Using Sass in Your Ionic Framework App Like a Pro

Published Jul 14, 2015Last updated Apr 17, 2017

Note: We assume you are familiar with Gulp & Sass

Ionic Framework by default uses CSS, but allows you to customise its default values using Sass.

All you need to do is use this handy little command ionic setup sass and you are all set. If you want a more detailed guide go here.

This creates a task in your gulpfile.js for compiling your sass file located at scss/ionic.app.scss.

This is all you really need to get started with Sass. But if you want to actually use Sass to it's full potential with mixins, functions and modules, keep reading.

Get Some of That Real Sassy goodness

Assuming you've setup your Ionic application using the Ionic setup command, you'll have something similar to this:

gulp.task('sass', function(done) {
  gulp.src('./scss/ionic.app.scss')
    .pipe(sass())
    .pipe(gulp.dest('./www/css/'))
    .pipe(minifyCss({
      keepSpecialComments: 0
    }))
    .pipe(rename({ extname: '.min.css' }))
    .pipe(gulp.dest('./www/css/'))
    .on('end', done);
});

Ionic uses gulp-sass and has no options passed by default, what I like to do here is add compass support so we'll modify .pipe(sass()) and pass in an object with compass:true - this tells sass to use compass.

You will need the ruby compass library installed and available on your path

Your gulp config will now look like this:

gulp.task('sass', function(done) {
  gulp.src('./scss/ionic.app.scss')
    .pipe(sass({
    	compass: true
    }))
    .pipe(gulp.dest('./www/css/'))
    .pipe(minifyCss({
      keepSpecialComments: 0
    }))
    .pipe(rename({ extname: '.min.css' }))
    .pipe(gulp.dest('./www/css/'))
    .on('end', done);
});

I also like to enable error logging and a quick way to do that is to log directly to the console. So we'll take our Sass config object and add errLogToConsole:true. You should now have something similar to this:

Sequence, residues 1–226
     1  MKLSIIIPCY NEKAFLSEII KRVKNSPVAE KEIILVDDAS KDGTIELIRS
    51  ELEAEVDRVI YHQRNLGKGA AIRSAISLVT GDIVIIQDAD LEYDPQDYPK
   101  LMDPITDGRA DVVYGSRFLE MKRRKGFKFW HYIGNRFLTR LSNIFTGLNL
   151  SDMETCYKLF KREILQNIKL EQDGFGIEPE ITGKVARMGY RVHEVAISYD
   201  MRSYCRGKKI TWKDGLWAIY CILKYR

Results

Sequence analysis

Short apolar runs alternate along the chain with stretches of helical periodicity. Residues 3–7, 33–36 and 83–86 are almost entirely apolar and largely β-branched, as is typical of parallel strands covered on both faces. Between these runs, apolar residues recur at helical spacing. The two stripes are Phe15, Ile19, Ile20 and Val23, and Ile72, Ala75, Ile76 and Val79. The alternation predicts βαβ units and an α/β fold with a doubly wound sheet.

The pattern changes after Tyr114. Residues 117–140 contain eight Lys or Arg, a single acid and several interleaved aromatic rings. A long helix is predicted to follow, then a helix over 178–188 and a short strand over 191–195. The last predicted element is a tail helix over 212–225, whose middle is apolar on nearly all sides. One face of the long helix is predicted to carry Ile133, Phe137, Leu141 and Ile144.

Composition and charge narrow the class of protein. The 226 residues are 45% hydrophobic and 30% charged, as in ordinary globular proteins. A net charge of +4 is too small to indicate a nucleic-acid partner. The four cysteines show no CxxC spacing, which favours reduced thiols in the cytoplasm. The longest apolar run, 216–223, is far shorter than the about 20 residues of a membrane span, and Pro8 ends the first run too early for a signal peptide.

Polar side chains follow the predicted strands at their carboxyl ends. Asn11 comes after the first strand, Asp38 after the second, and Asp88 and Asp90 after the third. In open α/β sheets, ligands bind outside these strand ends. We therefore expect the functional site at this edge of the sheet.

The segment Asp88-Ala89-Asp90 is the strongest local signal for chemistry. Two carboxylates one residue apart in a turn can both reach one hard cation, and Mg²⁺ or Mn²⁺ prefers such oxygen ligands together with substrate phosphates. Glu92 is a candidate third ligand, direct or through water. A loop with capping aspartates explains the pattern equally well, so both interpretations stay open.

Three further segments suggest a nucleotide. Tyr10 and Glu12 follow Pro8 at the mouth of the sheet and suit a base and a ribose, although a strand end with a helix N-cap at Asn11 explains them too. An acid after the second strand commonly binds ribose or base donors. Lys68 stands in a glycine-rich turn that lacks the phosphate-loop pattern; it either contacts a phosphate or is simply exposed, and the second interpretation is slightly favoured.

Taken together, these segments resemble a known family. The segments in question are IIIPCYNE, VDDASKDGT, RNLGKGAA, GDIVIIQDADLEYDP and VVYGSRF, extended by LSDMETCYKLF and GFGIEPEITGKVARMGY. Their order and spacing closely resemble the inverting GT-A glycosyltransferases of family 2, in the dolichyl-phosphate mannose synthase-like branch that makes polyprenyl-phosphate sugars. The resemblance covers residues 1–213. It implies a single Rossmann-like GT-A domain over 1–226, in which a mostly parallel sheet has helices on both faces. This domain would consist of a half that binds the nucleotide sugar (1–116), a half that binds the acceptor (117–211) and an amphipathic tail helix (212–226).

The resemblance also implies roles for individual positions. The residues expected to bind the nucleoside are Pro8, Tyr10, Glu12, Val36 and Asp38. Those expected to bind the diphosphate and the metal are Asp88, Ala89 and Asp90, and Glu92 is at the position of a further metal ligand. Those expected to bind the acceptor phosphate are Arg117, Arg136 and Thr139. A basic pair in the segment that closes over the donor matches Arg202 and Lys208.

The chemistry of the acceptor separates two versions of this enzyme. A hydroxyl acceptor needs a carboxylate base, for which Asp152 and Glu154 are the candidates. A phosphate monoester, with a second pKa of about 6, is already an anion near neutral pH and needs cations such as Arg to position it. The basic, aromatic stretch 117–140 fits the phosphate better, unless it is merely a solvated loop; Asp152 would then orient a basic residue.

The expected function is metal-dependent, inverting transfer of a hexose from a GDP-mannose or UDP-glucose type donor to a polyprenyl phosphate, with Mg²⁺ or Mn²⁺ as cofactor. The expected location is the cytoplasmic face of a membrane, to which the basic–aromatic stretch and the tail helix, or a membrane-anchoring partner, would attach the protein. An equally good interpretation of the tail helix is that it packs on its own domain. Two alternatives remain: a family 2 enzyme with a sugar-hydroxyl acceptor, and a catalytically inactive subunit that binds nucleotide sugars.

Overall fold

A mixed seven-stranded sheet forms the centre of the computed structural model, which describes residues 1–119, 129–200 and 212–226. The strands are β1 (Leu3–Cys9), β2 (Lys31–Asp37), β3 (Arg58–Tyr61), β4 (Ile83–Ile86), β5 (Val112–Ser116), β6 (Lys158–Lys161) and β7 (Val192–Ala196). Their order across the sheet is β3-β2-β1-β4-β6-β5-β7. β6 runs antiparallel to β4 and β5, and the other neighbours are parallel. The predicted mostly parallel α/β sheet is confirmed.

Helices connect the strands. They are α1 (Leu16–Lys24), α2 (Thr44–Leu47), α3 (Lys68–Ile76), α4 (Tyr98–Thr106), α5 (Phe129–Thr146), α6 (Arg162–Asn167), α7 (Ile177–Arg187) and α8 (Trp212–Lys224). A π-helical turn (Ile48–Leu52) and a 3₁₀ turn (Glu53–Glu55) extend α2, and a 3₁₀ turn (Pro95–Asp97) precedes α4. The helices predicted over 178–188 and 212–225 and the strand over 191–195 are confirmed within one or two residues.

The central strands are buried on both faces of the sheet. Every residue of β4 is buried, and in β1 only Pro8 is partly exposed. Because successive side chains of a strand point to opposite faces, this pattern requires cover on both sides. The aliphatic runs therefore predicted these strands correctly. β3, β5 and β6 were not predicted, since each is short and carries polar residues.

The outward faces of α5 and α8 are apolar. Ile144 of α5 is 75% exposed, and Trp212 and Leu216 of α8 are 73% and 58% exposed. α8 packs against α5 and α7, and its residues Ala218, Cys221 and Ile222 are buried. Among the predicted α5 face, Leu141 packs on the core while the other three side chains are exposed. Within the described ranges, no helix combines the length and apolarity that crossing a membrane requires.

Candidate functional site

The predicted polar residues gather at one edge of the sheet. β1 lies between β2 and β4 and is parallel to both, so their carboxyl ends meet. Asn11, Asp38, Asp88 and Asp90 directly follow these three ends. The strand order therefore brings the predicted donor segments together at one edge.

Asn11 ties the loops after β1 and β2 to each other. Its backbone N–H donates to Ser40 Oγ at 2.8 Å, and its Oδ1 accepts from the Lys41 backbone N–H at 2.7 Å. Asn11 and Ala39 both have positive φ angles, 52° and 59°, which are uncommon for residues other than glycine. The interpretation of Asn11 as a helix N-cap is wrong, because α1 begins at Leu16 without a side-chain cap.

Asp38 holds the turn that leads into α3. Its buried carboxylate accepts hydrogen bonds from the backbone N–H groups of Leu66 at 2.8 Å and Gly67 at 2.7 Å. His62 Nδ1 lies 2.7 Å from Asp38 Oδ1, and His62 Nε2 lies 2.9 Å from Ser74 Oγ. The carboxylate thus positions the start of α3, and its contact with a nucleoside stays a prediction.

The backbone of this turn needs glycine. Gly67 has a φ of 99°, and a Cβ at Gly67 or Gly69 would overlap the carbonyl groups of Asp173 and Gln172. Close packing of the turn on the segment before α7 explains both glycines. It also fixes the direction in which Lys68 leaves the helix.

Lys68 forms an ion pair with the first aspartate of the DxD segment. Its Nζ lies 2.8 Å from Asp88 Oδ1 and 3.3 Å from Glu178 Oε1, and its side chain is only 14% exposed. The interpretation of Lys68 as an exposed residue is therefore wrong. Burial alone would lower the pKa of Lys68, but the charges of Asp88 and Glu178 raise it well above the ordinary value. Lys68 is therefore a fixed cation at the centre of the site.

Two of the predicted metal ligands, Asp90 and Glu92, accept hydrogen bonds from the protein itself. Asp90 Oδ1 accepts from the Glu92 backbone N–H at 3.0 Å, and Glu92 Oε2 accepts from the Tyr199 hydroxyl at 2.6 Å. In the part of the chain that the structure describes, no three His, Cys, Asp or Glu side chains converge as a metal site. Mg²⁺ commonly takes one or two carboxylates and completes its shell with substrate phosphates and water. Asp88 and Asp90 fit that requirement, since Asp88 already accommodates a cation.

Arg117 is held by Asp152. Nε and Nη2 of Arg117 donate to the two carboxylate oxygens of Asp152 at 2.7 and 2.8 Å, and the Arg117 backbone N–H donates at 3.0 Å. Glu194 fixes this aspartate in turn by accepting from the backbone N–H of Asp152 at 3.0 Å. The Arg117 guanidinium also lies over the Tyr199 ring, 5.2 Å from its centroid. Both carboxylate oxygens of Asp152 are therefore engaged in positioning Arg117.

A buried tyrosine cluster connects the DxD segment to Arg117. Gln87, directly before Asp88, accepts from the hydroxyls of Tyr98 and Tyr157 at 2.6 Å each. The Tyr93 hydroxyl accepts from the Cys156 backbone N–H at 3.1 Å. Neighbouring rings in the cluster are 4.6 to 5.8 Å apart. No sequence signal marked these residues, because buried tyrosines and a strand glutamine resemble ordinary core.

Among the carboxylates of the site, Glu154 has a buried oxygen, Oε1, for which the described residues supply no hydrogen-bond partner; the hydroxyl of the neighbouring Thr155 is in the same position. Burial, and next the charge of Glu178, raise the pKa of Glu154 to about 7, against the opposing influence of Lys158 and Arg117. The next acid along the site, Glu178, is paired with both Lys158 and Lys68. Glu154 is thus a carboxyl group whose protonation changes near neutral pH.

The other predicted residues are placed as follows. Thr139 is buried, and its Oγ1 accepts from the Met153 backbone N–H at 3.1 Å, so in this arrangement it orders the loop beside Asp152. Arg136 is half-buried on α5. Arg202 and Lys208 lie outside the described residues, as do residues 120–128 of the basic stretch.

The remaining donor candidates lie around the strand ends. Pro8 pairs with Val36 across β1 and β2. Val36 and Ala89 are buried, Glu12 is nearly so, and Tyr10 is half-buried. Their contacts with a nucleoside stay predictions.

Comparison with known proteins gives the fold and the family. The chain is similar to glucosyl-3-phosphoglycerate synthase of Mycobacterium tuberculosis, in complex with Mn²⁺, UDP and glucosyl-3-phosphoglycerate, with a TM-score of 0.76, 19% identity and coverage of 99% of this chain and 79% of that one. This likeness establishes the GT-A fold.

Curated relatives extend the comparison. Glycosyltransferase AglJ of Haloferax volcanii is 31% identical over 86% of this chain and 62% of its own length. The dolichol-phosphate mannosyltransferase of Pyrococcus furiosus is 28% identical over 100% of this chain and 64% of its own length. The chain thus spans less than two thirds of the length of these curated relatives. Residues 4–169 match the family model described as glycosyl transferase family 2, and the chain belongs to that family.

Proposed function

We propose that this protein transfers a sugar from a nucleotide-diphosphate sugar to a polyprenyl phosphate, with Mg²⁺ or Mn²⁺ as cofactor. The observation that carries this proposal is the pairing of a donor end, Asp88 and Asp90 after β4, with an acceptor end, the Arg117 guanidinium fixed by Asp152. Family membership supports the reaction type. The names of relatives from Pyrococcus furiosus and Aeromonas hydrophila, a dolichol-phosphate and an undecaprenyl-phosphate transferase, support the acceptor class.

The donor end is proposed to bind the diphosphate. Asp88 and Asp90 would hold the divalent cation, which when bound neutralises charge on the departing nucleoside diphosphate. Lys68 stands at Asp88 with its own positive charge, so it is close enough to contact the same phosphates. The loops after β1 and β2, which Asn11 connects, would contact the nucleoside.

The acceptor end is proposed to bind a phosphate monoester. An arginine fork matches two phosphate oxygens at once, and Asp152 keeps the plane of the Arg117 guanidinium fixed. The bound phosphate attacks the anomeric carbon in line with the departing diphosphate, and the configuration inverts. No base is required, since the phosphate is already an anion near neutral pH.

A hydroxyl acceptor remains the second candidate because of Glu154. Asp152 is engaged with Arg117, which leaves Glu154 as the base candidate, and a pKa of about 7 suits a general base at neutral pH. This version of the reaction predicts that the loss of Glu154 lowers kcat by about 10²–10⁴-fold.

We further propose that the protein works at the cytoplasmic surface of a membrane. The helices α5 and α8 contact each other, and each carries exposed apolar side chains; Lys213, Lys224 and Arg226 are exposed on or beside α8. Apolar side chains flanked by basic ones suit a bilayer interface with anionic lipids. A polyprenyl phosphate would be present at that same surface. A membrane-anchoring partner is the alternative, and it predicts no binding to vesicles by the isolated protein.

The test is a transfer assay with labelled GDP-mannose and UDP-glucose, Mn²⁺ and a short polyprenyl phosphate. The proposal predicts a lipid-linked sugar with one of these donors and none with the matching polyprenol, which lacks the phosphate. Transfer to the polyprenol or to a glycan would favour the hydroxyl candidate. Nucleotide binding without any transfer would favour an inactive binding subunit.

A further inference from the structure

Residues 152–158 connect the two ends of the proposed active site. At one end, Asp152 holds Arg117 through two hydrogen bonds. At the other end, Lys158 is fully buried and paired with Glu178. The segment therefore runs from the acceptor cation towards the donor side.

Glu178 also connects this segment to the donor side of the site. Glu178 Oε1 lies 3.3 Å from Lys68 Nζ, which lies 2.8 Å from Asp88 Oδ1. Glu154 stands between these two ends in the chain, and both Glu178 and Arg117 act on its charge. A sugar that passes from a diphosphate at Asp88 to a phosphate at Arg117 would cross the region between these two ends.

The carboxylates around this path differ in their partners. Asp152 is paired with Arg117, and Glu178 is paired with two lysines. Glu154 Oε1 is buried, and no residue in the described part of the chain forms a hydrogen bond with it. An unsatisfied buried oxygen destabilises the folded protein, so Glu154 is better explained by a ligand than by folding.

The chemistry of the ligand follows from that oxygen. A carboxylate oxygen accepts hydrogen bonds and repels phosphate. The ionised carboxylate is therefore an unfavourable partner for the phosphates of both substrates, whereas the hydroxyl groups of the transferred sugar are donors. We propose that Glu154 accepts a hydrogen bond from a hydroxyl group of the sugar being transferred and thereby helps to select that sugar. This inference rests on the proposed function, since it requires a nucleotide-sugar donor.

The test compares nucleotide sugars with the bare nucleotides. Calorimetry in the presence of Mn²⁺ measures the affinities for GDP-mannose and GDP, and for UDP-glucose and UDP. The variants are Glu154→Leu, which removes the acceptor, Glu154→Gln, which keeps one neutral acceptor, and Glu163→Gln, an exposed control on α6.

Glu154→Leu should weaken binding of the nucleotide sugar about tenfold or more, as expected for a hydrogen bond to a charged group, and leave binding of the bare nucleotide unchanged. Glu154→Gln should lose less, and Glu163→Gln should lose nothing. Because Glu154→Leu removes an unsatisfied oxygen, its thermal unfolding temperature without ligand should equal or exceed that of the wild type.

.pipe(sass({
    	compass: true,
        errLogToConsole:true
    }))

Modularity

If you use Sass you will probably enjoy the benefits of using modules and code separation techniques described in SMACSS or BEM.

You might be familiar with Sass-Globbing, saving you from having to manually add every new file to your main.scss - for Ionic you'll use ionic.app.scss.

To enable this in your gulpfile.js you'll need to run npm install --save-dev gulp-sass-bulk-import to get the npm package.

Add var bulkSass = require('gulp-sass-bulk-import'); to the variable list at the top of your gulpfile.js, then you can pipe the function into your sass task. Your config should now look like this:

gulp.task('sass', function(done) {
  gulp.src('./scss/ionic.app.scss')
    .pipe(bulkSass())
    .pipe(sass({
    	compass: true,
        errLogToConsole:true
        }))
    .pipe(gulp.dest('./www/css/'))
    .pipe(minifyCss({
      keepSpecialComments: 0
    }))
    .pipe(rename({ extname: '.min.css' }))
    .pipe(gulp.dest('./www/css/'))
    .on('end', done);
});

Notice I've put the function above our sass() function. This is important as we need to collect all our .scss files before piping them into our sass function.

That's it. You are all set to go.

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